I was in the gym one day and overheard the following exchange between a woman and a man:
Woman to Man: “Did you run today?”
Man to Woman: “Not yet. When I’m done lifting I’m going for a run.”
Woman to Man: “You are so disciplined. I wish I had your discipline.”
Man to Woman: “It’s just a habit. No discipline involved. Just habit.”
That one exchange best summarizes the real power of habits.
Habits eliminate the need for discipline, once the habit is formed.
Discipline only works for a short period of time. Eventually the willpower energy that fuels discipline becomes depleted. Once depleted, your desire to engage in any new behavior ends.
When that good behavior, however, becomes a habit, it transforms the behavior from temporary to permanent and makes the need for discipline irrelevant.
In effect, the prefrontal cortex controls all discipline.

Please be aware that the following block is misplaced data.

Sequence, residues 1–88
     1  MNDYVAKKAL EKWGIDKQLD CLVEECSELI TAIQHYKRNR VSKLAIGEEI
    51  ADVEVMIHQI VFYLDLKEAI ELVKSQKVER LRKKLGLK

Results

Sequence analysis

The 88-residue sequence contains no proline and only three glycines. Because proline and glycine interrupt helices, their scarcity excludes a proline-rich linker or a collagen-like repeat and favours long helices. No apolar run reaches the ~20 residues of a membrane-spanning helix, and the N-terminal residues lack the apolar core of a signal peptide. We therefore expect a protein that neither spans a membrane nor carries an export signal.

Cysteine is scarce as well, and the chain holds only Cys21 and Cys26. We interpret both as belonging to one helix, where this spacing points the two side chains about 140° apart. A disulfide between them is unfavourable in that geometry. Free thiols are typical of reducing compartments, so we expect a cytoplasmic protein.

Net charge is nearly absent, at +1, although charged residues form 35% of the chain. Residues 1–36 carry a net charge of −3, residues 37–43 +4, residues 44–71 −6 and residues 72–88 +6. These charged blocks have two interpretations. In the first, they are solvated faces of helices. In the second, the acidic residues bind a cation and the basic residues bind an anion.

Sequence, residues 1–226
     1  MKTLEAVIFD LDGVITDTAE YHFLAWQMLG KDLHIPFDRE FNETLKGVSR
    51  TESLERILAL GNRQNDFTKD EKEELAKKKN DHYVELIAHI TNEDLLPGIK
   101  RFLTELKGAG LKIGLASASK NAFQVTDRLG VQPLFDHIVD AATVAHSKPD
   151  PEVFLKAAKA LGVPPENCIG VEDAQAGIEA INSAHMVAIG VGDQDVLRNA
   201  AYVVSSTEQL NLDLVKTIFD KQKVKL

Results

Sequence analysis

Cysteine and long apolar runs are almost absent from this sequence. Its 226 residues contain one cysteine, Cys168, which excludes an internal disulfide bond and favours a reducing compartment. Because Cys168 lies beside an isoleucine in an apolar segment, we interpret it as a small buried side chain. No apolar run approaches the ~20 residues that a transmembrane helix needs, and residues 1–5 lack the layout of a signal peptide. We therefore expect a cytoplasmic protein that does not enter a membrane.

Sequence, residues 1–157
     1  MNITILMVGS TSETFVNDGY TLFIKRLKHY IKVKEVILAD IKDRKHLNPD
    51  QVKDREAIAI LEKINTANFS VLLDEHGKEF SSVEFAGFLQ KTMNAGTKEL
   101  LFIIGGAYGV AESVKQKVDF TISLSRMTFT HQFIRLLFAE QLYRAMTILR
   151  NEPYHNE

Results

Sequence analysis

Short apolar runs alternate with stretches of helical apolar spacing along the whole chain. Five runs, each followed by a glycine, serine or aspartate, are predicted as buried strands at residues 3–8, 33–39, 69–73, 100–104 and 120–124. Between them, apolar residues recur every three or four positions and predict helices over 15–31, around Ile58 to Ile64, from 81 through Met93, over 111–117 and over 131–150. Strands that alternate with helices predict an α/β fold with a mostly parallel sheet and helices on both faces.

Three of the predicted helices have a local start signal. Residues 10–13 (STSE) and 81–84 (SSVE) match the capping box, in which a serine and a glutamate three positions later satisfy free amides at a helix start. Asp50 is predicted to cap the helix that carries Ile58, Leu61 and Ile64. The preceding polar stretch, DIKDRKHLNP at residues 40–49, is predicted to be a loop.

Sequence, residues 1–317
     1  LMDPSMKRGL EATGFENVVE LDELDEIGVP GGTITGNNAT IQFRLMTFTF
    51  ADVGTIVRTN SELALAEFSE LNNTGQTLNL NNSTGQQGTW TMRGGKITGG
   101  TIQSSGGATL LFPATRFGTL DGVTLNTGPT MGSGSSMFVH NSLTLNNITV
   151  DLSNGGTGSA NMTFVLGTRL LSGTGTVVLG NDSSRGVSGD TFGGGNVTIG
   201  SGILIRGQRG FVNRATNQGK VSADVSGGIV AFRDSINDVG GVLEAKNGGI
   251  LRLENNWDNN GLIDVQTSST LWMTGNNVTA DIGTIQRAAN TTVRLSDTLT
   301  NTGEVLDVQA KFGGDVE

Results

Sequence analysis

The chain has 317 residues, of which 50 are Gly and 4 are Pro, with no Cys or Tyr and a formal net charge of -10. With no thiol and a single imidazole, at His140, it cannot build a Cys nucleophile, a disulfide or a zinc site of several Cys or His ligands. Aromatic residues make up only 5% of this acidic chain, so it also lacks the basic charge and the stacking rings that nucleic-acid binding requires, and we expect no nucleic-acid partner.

The prefrontal cortex is an energy hog, which only has a limited amount of willpower energy at its disposal. When a new behavior is repeated frequently enough, the prefrontal cortex will eventually outsource its control over that new activity to a subconscious brain region called the basil ganglia, which is part of the limbic system. Once the basil ganglia marks the new behavior a habit, the prefrontal cortex ceases control over the activity and the need for discipline is eliminated.
For the man in the gym, he was just engaging in a habit – exercise. He was not relying on discipline at all.
That’s the miracle of habits.
In the beginning, forging a new good habit does require discipline. But once the basil ganglia marks the new behavior a habit, other brain systems take control over the new behavior away from the prefrontal cortex.
Nonetheless, your good habits do give others the perception that you are highly disciplined.